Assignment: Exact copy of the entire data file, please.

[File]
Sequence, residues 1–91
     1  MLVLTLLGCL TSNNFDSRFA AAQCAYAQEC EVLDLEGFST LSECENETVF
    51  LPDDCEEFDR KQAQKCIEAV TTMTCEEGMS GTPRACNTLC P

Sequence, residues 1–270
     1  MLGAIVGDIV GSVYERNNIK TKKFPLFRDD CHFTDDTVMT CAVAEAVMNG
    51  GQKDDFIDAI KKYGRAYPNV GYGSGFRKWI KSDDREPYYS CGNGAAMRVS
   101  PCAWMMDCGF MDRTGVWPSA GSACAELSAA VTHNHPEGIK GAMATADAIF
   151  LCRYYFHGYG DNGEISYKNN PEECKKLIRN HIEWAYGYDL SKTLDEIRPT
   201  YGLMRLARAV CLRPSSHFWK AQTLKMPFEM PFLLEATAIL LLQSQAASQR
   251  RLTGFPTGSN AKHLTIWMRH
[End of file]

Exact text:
Sequence, residues 1–91
     1  MLVLTLLGCL TSNNFDSRFA AAQCAYAQEC EVLDLEGFST LSECENETVF
    51  LPDDCEEFDR KQAQKCIEAV TTMTCEEGMS GTPRACNTLC P

Sequence, residues 1–270
     1  MLGAIVGDIV GSVYERNNIK TKKFPLFRDD CHFTDDTVMT CAVAEAVMNG
    51  GQKDDFIDAI KKYGRAYPNV GYGSGFRKWI KSDDREPYYS CGNGAAMRVS
   101  PCAWMMDCGF MDRTGVWPSA GSACAELSAA VTHNHPEGIK GAMATADAIF
   151  LCRYYFHGYG DNGEISYKNN PEECKKLIRN HIEWAYGYDL SKTLDEIRPT
   201  YGLMRLARAV CLRPSSHFWK AQTLKMPFEM PFLLEATAIL LLQSQAASQR
   251  RLTGFPTGSN AKHLTIWMRH